Secretary of Homeland Security, Janet Napolitano, announced on June 15, 2012 of the new Deferred Action for Childhood Arrivals program, also called “DACA” or “Deferred Action.” This program gives certain undocumented foreign nationals permission to remain in the United States and also grants permission to work. Once granted DACA, foreign nationals should receive an Employment Authorization Document (EAD) card.
The EAD card is enough to establish authorization to work
All US employers must complete an I-9 Employment Eligibility Verification Form for each employee hired, including US citizens and foreign nationals. The employee must verify Section 3 of Form I-9 documentation to prove identity and authorization to work. The EAD is sufficient evidence to establish identity and authorization to work. Employers should accept the EAD card if it looks genuine, is unexpired, and looks like it does belong to the holder. The employer should not ask for any additional proof of US work authorization once the EAD card has been produced.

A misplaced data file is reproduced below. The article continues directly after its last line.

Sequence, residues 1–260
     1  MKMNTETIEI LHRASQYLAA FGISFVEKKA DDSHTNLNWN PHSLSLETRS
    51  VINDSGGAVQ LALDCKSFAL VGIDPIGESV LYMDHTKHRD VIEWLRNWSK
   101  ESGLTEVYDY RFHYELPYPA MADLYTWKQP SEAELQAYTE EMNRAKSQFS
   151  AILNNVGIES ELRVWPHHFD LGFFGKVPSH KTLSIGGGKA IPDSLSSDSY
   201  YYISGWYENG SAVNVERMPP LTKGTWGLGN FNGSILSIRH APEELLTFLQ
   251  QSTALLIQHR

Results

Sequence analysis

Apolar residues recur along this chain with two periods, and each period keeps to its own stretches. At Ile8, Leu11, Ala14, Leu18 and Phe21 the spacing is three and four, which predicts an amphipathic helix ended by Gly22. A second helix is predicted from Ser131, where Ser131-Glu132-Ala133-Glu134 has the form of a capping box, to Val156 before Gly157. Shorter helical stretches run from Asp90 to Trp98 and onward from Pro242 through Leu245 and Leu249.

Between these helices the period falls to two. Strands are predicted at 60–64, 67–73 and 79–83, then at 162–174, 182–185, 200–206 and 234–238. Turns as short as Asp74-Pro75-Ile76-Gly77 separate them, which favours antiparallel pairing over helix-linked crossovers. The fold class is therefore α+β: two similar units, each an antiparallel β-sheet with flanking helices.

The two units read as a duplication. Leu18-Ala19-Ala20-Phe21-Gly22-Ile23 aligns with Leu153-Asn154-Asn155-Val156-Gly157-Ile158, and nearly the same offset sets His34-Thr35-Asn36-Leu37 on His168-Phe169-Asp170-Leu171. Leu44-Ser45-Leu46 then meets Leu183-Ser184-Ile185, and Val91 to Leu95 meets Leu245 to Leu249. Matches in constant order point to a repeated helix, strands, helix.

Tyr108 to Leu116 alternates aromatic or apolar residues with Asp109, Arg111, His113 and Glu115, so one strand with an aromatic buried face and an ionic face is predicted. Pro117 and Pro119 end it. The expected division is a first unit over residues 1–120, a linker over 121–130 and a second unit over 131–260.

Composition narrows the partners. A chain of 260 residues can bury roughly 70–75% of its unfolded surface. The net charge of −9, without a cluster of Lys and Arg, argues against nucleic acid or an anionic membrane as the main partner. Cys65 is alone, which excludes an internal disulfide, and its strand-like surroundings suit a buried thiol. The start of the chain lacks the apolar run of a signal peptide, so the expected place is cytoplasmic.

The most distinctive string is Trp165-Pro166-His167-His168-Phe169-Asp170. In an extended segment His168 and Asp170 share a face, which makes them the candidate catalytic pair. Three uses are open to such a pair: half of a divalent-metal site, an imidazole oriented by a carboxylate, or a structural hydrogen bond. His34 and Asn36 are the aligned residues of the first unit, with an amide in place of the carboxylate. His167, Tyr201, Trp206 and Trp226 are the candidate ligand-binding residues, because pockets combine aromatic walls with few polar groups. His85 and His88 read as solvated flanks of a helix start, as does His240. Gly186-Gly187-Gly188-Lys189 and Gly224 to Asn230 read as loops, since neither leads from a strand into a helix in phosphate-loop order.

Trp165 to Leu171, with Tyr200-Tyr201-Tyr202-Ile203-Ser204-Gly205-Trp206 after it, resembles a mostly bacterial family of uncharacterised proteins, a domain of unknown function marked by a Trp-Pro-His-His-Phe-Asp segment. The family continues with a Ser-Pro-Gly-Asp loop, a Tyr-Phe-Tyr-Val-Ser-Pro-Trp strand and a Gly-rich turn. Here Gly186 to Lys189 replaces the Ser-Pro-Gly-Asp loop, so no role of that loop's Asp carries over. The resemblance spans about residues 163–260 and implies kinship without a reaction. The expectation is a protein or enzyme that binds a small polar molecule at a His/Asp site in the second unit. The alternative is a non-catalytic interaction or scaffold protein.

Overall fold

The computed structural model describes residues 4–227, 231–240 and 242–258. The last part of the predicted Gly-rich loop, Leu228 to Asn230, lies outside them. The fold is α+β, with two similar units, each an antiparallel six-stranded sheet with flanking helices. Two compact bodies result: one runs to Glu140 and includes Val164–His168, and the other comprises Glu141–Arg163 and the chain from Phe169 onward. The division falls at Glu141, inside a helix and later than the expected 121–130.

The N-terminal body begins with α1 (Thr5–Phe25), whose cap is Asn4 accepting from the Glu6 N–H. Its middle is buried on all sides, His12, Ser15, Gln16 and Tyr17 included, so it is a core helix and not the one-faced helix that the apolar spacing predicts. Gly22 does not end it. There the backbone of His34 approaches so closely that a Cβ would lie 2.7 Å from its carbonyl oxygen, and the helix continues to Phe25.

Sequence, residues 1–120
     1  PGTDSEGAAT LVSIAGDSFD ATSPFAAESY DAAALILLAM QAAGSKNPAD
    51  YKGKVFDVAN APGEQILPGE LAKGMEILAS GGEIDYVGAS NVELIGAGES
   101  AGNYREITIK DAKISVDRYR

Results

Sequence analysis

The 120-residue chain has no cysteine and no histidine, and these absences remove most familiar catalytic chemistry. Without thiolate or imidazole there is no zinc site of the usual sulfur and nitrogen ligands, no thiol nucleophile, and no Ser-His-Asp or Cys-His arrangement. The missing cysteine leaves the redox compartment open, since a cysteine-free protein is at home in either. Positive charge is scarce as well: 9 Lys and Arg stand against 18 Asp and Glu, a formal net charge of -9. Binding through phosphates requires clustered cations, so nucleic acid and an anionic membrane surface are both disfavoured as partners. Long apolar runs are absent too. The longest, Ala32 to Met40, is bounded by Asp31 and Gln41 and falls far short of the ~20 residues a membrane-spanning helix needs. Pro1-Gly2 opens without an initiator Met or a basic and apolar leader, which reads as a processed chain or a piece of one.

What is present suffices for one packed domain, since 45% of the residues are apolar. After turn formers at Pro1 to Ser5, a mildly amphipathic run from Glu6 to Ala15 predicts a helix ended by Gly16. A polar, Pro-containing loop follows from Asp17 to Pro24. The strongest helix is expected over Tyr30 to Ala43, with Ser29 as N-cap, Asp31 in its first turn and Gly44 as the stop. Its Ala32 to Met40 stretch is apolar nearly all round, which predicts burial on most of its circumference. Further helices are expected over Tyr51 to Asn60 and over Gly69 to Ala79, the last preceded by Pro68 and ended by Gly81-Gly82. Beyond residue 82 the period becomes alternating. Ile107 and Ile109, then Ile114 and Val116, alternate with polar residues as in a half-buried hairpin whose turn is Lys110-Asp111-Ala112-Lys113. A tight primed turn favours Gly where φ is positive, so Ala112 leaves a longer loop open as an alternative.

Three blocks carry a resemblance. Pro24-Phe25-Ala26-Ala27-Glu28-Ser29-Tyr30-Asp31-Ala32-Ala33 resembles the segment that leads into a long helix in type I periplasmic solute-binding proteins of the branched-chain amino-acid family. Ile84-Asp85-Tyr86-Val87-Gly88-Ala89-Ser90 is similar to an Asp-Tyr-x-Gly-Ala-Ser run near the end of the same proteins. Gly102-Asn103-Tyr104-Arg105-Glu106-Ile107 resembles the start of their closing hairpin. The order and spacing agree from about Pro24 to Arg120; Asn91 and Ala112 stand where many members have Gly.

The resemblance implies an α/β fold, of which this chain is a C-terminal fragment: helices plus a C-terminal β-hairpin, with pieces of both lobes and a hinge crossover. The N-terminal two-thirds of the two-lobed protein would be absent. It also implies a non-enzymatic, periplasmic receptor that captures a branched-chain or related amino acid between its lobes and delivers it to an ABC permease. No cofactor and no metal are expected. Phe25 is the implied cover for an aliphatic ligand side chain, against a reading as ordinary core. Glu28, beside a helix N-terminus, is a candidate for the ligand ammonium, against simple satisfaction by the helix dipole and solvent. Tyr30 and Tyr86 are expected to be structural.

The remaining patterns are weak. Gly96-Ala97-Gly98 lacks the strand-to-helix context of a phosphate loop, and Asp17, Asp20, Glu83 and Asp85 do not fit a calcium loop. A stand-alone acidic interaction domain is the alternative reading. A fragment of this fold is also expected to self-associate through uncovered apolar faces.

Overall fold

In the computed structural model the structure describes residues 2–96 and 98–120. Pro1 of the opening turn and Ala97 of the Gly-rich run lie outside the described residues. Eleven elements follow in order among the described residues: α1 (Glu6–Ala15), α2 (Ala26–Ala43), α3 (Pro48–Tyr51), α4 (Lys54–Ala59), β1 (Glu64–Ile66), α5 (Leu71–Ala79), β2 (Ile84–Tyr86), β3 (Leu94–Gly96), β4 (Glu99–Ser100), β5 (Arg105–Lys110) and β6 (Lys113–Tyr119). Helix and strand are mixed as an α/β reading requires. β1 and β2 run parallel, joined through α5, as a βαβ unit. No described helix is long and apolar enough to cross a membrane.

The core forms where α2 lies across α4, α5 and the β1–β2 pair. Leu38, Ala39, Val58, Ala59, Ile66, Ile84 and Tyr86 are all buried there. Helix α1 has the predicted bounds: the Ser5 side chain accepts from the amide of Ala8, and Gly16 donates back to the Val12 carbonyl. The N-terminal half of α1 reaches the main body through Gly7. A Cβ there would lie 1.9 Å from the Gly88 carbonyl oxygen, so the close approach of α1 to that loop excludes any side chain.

Employers must not discriminate based on citizenship or national origin
Employers should note that during the I-9 process it is unlawful to discriminate on the basis of US citizenship, immigration status, or national origin, according to the Immigration and Nationality Act.
When should an employer complete a new I-9 Form?
When a DACA employee provides updated information, the employer should determine whether a new I-9 Form is necessary, or if Section 3 should be completed. A new I-9 is needed when there is a change to the employee’s birthday, name, attestation, or social security number. Section 3 should be completed only if Section 1 information remains the same and a new EAD card has been presented.
When a new I-9 form is completed, if the employer is one that participates in the E-Verify program, a new verification should be made of the I-9 Form information via E-Verify. If the employer only completed Section 3 of the prior I-9, then a new E-Verify check should not be conducted.